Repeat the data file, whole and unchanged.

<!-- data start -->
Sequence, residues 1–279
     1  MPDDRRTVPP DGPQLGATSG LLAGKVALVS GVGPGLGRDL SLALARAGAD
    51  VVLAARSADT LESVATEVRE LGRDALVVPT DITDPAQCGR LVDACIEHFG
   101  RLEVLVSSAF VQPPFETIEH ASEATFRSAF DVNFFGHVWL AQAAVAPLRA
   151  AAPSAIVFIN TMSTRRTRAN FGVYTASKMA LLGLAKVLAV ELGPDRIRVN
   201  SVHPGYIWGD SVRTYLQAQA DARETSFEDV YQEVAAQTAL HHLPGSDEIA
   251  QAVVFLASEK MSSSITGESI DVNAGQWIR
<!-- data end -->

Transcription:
Sequence, residues 1–279
     1  MPDDRRTVPP DGPQLGATSG LLAGKVALVS GVGPGLGRDL SLALARAGAD
    51  VVLAARSADT LESVATEVRE LGRDALVVPT DITDPAQCGR LVDACIEHFG
   101  RLEVLVSSAF VQPPFETIEH ASEATFRSAF DVNFFGHVWL AQAAVAPLRA
   151  AAPSAIVFIN TMSTRRTRAN FGVYTASKMA LLGLAKVLAV ELGPDRIRVN
   201  SVHPGYIWGD SVRTYLQAQA DARETSFEDV YQEVAAQTAL HHLPGSDEIA
   251  QAVVFLASEK MSSSITGESI DVNAGQWIR